Travelling via Solitaire, and through the Kuiseb Canyon, we pass awe-inspiring landscapes as we head across the Namib gravel flats to Walvis Bay. Here a large spit forms a natural deep-sea harbour that attracted the first navigators in the late 1400's. The shallows, located where the spit joins the mainland, are home to a diverse collection of birds, notably flamingos and pelicans that feed here seasonally. It's a short drive to the coastal town of Swakopmund which was founded in 1892, and was intended to be the main harbor of the German colony, German South West Africa. Swakopmund is surrounded by the Namib Desert on three sides, and the Atlantic Ocean to the west. Culturally and architecturally, Swakopmund is particularly influenced by its having been a German colony, with many beautiful examples of German colonial architecture to be found. Visitors can easily explore the town on foot and attractions include the Swakopmund Museum, the National Marine Aquarium and the Crystal Gallery. Overnight at Beach Hotel or similar. (B)

Day 9 – Swakopmund

Today is a free day at leisure or to explore the town independently. Alternatively an optional marine cruise can be arranged and paid for locally on the Walvis Bay Lagoon. Overnight at Beach Hotel or similar. (B)

Day 10 – Damaraland

Today our journey continues to the ruggedly beautiful Damaraland and the town of Khorixas. We will stop en-route to view the prehistoric rock engravings at Twyfelfontein, which boasts the largest known concentration of Stone Age petro-glyphs in Namibia with approximately 2,500 engravings.  Also in the area is the geological curiosity of the perpendicular slabs of basalt known as the “Organ Pipes”. Located in the southern Kunene Region, in the centre of Damaraland’s rough terrain, Khorixas was previously the capital of Damaraland prior to Namibia's independence. Most of the inhabitants are from the Damara ethnic group. The town is located close to an accumulation of enormous fossilized tree trunks, about 280 million years old called The Petrified Forest, as well as Twyfelfontein, the site of approximately 2000 rock carvings which were, in 2007, declared a UNESCO World Heritage Site. Overnight at Damara Mopane Lodge, or similar. (BD)

Day 11 – Sesfontein

Today our journey takes us north through the unusual scenery of Damaraland, with its variety of rock formations. We may be lucky and see we may see some of the wildlife species which have adapted to the desert, and are found in the area. Our accommodation for the next two nights will be on the banks of the Hoanib River in the magnificent Khowarib Gorge. Overnight at  Khowarib Lodge. Sesfontein or similar. (BD)

Day 12 – Sesfontein

This morning we have the privilege of meeting the Himba people and learning about their traditions and way of life. The Himba are the last semi-nomadic herders in Namibia, and their simple lifestyle has remained unchanged for generations, as they have chosen their traditional life style over modernization. They have become iconic for using a characteristic red paste made of butter, fat and red ochre that they apply to their skin, and which serves an aesthetic purpose in beautifying their bodies, as well as protecting them from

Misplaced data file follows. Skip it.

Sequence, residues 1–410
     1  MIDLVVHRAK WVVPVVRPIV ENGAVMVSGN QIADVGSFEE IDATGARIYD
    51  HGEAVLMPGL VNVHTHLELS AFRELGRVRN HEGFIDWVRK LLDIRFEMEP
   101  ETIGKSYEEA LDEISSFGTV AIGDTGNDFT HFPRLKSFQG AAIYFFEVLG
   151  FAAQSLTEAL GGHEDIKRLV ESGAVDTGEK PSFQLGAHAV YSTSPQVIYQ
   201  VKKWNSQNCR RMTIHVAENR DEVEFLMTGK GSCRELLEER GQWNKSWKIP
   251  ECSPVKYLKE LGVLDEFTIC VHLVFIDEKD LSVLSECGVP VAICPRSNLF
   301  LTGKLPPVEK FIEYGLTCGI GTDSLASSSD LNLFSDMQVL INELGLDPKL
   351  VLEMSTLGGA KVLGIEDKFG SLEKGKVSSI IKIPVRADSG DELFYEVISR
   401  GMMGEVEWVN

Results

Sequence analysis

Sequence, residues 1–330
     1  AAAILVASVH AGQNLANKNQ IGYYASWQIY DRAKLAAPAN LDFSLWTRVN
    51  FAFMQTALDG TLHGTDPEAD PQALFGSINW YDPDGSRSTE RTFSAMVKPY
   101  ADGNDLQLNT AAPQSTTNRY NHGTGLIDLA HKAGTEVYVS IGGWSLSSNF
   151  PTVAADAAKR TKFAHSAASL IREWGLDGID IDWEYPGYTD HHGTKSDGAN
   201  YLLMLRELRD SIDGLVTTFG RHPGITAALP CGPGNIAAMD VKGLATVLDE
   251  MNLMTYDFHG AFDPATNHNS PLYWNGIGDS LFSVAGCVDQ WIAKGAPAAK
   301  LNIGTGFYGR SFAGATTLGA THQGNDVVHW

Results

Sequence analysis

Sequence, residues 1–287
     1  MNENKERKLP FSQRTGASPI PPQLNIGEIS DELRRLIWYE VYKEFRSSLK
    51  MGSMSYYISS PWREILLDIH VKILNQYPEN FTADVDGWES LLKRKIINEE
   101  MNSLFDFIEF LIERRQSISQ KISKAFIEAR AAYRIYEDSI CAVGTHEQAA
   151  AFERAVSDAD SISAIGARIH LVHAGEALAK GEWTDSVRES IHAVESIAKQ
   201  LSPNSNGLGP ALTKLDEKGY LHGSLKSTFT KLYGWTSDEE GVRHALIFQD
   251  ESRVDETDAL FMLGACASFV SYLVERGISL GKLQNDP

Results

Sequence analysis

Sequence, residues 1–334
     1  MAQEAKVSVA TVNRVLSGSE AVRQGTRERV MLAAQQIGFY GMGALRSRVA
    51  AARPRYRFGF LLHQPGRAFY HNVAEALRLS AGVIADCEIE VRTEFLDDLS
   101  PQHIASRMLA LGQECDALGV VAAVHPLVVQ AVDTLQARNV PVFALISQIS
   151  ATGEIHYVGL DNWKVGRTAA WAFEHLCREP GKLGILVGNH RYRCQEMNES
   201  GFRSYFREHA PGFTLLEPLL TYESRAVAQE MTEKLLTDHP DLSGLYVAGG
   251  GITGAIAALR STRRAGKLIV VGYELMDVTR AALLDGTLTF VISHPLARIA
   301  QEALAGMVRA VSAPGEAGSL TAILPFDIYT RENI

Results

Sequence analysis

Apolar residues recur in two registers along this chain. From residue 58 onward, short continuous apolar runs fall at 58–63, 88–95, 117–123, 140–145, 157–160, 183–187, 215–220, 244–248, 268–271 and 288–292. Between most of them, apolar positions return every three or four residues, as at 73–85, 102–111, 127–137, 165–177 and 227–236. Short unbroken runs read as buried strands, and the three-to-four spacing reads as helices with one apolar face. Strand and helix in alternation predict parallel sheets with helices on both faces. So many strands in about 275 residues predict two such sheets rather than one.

the scorching sun. Later we return to our lodge with the remainder of the day at leisure. Overnight at Khowarib Lodge. Sesfontein or similar. (BD)

Day 13 – Etosha National Park

Today we travel to Etosha National Park, an immense, saline desert, covering over 12,400 square miles, and the habitat for 114 species of animals and 340 species of birds. It has been described as the best game reserve on the African continent. We will arrive in time for an afternoon game drive, which will be followed by further game viewing the next day. We should see elephant, rhino and hopefully lion. The terrain ranges from dense bush to large open plains where animals roam freely. We drive along the network of gravel roads that crisscross the Park, visiting the various viewpoints and the permanent waterholes around which animals congregate. There is something enigmatic in the vast silent grey white pan that covers the reserve. Overnight at Etosha Safari Camp or similar. (BD)

Day 14 – Etosha National Park

We continue searching for game today. Numerous waterholes and underground springs attract large herds of animals including Springbok, Zebra, Wildebeest and Giraffe. At its very heart is the Etosha Pan, which geologists believe was formed some 12 million years ago from an inland lake about the size of Holland. Shrunk to its present dried-up size, it is now a gigantic depression in the ground - flat, saline and silvery, a mysterious place of mirages and dust-laden images. Overnight at Etosha Safari Camp or similar. (BD)

Day 15 – Windhoek

After breakfast we travel back to Windhoek, arriving mid-afternoon. A picnic lunch will be provided. On the way we will make a short stop to visit the Okahandja Woodcarvers market for souvenirs. Upon reaching Windhoek, say farewell to your guide as he leaves you at the city’s airport. Alternatively if you have arranged to stay the night in Windhoek then you will be dropped off at your hotel.